He is a bombastic candidate whose politically incorrect tirades have fired up a base of loyal supporters.
His campaign stands accused of propagating fake news and unleashing violence.
Much of the press, academics and the political establishment find him repugnant.
And on Sunday, Brazilians are expected to make Jair Bolsonaro their president.
Polls predict that he will win 57% of the vote.
Comparisons to President Trump have been unavoidable, as the Brazilian intelligentsia struggles to understand how such an unorthodox figure — a man who has praised the country’s old military dictatorship and told minorities to “shut up” and “fall in line with the majority” — has managed to hijack the political system.
A big part of the answer is crippling unemployment amid a deep recession and a billion-dollar corruption scandal known as Car Wash, in which top politicians and business elite have been accused, charged and jailed for money laundering and other crimes.
Many voters say Bolsonaro is the only way the country will get a fresh start. Despite the former army captain’s almost 30 years as a congressman, he is seen by many as an alternative to the old political class.
“Bolsonaro provides a sense of direction, protection and order,” said Oliver Stuenkel, a professor of international relations at the Getulio Vargas Foundation. “Brazil has been facing a triple crisis over the past few years: A profound economic crisis — one of the worst in the country’s history. A profound political crisis with no normal sense of being governed since 2013. And the perception of a moral crisis because of massive corruption scandals.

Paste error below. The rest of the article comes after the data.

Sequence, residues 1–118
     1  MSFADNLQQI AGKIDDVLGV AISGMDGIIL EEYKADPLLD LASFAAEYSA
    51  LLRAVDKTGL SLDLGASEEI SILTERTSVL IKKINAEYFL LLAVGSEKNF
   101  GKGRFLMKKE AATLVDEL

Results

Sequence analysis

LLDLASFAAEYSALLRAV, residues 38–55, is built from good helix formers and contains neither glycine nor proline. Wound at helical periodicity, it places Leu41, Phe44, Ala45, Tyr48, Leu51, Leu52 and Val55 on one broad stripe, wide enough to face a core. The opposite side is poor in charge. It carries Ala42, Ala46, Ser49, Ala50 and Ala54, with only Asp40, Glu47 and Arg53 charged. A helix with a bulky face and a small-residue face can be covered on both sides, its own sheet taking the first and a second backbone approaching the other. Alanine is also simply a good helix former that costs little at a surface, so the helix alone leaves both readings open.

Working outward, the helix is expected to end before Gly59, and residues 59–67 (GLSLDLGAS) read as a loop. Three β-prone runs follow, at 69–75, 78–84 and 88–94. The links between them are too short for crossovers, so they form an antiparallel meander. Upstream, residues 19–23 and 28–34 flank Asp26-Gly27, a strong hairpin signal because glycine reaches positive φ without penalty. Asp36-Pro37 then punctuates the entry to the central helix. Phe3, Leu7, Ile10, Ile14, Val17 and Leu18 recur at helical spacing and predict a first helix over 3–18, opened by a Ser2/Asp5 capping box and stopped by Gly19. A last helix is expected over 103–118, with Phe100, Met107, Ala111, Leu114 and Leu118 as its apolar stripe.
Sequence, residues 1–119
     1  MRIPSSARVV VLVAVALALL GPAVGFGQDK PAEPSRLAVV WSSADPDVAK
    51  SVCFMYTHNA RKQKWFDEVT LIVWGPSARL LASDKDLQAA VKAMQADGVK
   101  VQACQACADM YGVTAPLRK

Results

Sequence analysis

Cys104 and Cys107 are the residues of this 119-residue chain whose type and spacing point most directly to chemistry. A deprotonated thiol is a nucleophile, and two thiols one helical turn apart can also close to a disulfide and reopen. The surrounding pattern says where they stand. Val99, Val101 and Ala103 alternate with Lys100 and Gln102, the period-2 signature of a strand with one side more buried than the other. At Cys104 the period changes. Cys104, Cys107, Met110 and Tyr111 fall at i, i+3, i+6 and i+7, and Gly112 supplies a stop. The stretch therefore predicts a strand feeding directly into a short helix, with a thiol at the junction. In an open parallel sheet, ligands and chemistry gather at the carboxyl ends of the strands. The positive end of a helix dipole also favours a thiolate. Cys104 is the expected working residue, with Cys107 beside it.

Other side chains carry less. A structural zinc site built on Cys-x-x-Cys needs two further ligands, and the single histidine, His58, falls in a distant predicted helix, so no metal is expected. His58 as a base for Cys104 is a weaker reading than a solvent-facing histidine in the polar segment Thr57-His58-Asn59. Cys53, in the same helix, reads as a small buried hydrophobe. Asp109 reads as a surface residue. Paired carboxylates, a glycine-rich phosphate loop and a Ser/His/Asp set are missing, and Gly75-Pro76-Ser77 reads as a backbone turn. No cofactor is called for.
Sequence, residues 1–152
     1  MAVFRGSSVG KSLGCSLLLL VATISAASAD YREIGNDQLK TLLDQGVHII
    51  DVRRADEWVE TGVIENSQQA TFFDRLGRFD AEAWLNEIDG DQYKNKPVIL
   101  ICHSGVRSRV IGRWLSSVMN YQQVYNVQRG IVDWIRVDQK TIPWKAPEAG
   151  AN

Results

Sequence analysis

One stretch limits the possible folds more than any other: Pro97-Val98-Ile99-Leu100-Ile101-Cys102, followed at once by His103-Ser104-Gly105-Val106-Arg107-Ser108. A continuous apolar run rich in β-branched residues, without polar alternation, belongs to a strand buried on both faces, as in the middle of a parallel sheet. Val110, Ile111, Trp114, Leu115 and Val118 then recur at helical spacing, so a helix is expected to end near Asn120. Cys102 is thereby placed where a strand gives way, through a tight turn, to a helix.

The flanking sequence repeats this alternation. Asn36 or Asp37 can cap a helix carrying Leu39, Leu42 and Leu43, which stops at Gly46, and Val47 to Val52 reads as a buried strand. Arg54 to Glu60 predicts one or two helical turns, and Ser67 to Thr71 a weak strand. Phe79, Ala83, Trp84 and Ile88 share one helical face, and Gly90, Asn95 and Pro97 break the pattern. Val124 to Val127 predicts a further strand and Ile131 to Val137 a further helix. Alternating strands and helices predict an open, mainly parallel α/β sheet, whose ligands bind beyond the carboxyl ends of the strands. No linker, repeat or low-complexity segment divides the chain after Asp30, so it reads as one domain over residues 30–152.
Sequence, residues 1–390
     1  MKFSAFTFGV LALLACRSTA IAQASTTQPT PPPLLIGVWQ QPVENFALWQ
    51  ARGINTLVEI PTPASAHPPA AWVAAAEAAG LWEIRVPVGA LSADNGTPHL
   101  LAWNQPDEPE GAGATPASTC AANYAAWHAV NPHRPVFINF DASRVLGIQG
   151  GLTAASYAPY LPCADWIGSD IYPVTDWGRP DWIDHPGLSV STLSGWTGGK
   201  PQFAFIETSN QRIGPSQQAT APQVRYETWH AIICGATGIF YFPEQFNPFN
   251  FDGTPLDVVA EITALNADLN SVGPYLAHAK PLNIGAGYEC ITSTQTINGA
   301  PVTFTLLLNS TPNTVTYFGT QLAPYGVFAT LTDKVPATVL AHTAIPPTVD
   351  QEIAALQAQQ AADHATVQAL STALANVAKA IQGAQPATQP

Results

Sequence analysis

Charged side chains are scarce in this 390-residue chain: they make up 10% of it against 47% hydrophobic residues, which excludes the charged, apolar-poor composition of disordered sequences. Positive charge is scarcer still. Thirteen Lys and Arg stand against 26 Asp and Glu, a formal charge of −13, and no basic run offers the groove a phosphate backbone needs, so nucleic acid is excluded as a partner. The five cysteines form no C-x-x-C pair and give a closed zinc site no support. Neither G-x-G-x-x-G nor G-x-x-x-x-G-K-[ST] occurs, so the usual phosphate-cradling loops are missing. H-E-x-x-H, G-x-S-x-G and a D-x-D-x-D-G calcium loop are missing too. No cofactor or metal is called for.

“The estrangement that Brazil’s society is feeling toward its institutions is so profound that somebody who can speak directly to people and who is adopting a different rhetoric has been able to find support,” he said.
It also helps Bolsonaro, of the right-wing Social Liberal Party, that his opponent is the last-minute candidate of the scandal-plagued Workers’ Party.
Fernando Haddad was little known outside Sao Paulo — where he served as mayor from 2013 to 2017 — before late August when a court ruled that the party’s preferred candidate, Luiz Inacio Lula da Silva, the once wildly popular president, is ineligible to run from prison, where he is serving a 12-year sentence for accepting $1.2 million in bribes from a contractor.